Recent Reading: Anatomy of the Soul

I’m assigning this as reading for everyone

January 4, 2021

2020 was a difficult year…that’s a common, and usually undisputed, refrain. I won’t dispute it either, but I think 2020 was as much of a revelation of our ills as it is the cause of it. Culturally, we’ve experiencing growing isolation, anxiety and discord for a few years. The pressure of 2020 pushed those to the surface, alongside all the extra sewage 2020 brought.

More than ever, there is a need for all of us, as individuals, to be intentional about our own health. Physical health. Mental health. Relational health. Emotional health. And yes, spiritual health too, though I’d argue that’s a composite of all the others.

I will acknowledge (with some hesitation!) that reading a book isn’t alway the answer for what challenges us. But since this a time where we need to be intentional about our health — and since we all might have more time for reading a book right now — I’d like assign everyone to read Anatomy of the Soul, by Curt Thompson.

Thompson merges neuroscience — the science of our brains — with the work of emotional and spiritual health and formation. For me, it’s a sweet spot between my nerdy side (the neuroscience bits) and my pastor side (the spiritual formation bits). But there is plenty of value in it for non-nerdy non-pastor people, you know…normal people.

Published 10 years ago, I only recently discovered it as it was assigned as part of my spiritual direction cohort. Here are some of the reflections I captured for my cohort after reading it:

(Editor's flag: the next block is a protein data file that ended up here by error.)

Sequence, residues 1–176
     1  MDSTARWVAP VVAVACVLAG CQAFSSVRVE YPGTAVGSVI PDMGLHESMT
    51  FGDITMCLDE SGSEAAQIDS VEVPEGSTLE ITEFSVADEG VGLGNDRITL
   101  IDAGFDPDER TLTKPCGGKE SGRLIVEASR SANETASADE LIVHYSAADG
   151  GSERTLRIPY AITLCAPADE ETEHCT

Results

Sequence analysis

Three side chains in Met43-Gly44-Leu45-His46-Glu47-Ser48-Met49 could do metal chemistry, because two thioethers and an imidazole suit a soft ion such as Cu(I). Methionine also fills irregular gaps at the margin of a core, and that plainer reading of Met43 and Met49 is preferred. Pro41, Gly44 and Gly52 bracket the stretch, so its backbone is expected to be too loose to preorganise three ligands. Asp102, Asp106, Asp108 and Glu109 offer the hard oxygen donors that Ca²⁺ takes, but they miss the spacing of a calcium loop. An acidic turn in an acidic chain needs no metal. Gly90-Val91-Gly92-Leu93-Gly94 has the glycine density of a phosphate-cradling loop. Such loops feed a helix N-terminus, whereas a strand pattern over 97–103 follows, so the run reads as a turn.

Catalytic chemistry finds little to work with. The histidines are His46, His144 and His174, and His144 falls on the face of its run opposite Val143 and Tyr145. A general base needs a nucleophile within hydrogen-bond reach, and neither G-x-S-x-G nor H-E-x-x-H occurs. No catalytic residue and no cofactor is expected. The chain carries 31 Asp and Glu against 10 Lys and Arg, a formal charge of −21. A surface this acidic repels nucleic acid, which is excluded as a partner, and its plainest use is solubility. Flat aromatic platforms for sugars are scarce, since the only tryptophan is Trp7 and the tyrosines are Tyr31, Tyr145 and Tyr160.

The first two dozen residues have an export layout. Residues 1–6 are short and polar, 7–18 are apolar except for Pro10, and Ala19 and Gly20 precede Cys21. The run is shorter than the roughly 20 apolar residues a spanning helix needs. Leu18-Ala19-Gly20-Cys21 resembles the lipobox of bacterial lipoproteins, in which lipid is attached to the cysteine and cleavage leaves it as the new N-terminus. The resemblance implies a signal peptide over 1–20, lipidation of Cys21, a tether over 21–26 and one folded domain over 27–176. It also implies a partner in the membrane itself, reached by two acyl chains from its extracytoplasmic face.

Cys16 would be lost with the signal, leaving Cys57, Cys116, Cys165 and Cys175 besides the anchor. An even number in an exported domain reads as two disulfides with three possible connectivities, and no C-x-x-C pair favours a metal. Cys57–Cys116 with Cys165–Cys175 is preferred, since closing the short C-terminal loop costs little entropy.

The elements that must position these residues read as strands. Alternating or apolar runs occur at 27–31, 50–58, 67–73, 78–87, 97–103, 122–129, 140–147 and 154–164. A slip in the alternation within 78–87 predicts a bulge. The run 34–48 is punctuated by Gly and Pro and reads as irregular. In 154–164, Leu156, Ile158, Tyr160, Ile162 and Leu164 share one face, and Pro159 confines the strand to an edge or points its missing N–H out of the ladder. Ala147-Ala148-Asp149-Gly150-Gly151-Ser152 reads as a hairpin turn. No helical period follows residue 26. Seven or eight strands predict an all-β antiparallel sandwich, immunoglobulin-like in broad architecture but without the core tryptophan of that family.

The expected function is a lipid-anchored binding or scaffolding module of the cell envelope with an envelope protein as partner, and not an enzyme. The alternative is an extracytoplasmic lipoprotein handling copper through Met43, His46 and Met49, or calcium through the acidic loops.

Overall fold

• The chapter on how we form, and hold memory, feels very significant to me. The stories we remember, and the way we tell them, reveals everything about how we experience God, how we see our selves, and how we engage relationally. It helps me to see spiritual direction as primary a practice of encouraging the telling of stories, and encouraging throughtful reflection of those stories. It reminds me of Dan Allender’s structure of seeing faith as looking backward at how we have seen God’s faithful presence, hope as turning that faith into the future, and love as how we live in the present.
  • I found the idea that there are specific practices that help reshape the connections in the brain, like centering prayer, aerobic activity, or learning new things like a foreign language or musical instrument. While sitting together for an hour can be meaningful sacred time, I find it helpful from my own direction to have suggestions of practices to focus on, and likewise find it helpful that I might suggest some of these practices that extend beyond traditional spiritual disciples.
  • On a personal level, this may be the most thought provoking and engaging book I’ve read in several years. I think my copy weighs twice as much as it did new from all the ink I left with underlines on page after page. This book was in a sweet spot for me, combining the nerdy brain science with the hope of growth and formation for myself and others no matter what our story might be. Much of the content of the book covered ground that was somewhat familiar to me, but pulled the pieces together and deepened understandings in a significant way.
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